The white arms of the nymph are around him, dragging him unresisting down among the green weed, while above he sees his beloved Hercules raise a shaggy, grieving head, and bay, “Hylas!”

He turns, and there among the mudded kingdom are her seagreen lips, her numinous eyes, the inhuman teeth that flash even in the murky twilight of the nymph’s bower. His lips form a word that drifts in bubbles unsounded to the surface of the pond where Hercules squats mad; she shakes her head — his delight! — and whispers his name against his ear, “Hylas…”

The Argo has sailed to death and glory and poisoned betrayal, but Hercules runs naked through the fields and briars of the island, terrorizing huddled shepherdesses, howling at the moon and wrenching at the trees in his desolation, while beneath the cold, cold water he lies curled against her unwarming bosom, mouth opening and closing peacefully as she breathes. He nuzzles the green softness of her breasts, strokes gently her ticklish fish belly: Hercules bullies the pacific islanders into his search, so the low rolling hills echo with his name, “Hylas–!”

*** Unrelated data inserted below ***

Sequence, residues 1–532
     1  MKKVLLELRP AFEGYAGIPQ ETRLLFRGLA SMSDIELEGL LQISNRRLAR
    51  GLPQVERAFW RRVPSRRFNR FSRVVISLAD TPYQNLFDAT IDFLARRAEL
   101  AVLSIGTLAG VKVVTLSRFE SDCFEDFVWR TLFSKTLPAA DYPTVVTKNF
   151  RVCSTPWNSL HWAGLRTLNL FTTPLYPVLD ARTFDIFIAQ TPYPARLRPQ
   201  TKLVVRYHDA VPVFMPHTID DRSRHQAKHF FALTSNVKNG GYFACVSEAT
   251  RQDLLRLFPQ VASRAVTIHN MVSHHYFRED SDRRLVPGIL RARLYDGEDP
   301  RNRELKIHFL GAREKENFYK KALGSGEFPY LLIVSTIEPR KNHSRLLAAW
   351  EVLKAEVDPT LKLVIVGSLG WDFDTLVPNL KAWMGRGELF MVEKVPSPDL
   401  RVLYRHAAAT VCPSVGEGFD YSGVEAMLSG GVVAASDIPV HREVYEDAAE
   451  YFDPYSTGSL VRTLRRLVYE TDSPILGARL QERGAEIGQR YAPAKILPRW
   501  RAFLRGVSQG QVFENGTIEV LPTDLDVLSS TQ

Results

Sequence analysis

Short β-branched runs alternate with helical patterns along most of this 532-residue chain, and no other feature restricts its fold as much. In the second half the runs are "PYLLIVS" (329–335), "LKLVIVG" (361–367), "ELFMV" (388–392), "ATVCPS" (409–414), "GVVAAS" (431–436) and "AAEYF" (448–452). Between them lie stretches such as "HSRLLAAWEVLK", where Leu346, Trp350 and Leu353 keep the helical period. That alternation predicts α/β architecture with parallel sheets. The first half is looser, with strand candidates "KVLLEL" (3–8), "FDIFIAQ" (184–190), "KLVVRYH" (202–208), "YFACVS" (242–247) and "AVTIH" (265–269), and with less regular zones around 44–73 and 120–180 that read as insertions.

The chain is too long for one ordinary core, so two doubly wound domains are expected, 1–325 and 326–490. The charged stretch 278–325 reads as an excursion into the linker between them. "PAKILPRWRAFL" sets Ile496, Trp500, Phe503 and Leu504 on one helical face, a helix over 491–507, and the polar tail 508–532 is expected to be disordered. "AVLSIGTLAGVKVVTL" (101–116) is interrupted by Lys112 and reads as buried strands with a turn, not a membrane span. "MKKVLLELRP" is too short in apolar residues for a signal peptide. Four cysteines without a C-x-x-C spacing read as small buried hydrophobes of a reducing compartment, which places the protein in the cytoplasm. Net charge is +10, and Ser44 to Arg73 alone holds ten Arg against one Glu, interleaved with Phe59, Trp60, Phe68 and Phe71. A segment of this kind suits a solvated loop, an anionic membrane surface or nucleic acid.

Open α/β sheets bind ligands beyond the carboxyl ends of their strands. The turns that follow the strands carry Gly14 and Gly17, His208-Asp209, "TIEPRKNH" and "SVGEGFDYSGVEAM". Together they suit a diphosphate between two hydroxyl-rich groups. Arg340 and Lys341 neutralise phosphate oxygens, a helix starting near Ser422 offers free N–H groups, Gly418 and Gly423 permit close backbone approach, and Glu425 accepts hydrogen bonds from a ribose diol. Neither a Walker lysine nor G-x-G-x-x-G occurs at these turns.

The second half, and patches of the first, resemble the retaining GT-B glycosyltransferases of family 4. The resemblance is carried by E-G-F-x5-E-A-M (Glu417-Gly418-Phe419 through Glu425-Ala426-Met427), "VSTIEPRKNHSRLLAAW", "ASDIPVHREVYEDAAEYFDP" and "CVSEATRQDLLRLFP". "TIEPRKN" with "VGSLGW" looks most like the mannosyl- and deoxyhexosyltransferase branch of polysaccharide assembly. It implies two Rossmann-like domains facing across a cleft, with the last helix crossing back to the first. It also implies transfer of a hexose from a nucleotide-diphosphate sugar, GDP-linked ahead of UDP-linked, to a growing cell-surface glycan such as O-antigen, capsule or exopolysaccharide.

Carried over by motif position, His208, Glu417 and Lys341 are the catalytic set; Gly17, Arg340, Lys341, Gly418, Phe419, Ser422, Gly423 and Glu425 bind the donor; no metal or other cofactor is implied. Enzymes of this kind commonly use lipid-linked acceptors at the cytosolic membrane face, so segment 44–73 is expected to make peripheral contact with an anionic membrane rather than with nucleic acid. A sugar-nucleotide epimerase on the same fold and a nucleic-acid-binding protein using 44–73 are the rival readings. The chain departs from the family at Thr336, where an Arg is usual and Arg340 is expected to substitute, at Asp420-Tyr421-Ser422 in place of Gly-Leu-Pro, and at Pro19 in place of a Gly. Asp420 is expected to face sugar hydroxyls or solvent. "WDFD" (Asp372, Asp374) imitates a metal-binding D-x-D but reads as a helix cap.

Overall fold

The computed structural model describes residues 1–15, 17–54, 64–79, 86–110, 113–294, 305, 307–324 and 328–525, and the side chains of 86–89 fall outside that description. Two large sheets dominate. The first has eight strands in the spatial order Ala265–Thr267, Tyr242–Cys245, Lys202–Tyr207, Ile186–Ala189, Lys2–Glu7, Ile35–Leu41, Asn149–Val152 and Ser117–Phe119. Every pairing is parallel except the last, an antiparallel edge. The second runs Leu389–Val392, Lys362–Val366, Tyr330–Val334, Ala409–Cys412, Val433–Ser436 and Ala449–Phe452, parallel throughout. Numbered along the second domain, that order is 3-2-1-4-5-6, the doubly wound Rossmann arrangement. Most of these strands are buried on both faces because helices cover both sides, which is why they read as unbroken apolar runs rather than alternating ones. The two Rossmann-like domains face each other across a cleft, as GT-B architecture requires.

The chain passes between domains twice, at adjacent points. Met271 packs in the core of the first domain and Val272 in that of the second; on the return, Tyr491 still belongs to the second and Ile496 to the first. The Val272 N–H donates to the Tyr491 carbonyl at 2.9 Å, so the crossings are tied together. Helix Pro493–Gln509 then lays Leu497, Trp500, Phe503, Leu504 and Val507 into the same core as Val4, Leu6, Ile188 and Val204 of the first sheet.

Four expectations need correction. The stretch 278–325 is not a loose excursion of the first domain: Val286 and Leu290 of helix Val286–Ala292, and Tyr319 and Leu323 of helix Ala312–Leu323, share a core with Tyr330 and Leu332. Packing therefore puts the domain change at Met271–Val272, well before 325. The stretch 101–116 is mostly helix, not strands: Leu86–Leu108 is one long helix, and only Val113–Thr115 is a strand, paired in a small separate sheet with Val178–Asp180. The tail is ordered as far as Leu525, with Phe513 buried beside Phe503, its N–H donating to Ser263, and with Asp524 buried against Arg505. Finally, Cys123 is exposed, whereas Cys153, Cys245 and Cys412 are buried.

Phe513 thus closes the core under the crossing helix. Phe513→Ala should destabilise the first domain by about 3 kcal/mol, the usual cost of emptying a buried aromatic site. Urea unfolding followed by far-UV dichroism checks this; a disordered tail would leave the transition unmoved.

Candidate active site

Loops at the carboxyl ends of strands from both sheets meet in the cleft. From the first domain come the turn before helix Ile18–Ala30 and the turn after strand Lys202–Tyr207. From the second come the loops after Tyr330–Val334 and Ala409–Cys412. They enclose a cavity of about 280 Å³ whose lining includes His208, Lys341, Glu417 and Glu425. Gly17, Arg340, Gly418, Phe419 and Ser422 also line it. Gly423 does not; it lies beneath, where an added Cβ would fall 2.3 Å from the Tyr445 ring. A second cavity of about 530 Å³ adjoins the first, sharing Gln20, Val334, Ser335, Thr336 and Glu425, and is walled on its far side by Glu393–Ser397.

He never grows old, never dies, and never returns to the sunlight fields above, where still with the coming of the spring the islanders beat the fields and cry his name, “Hylas!”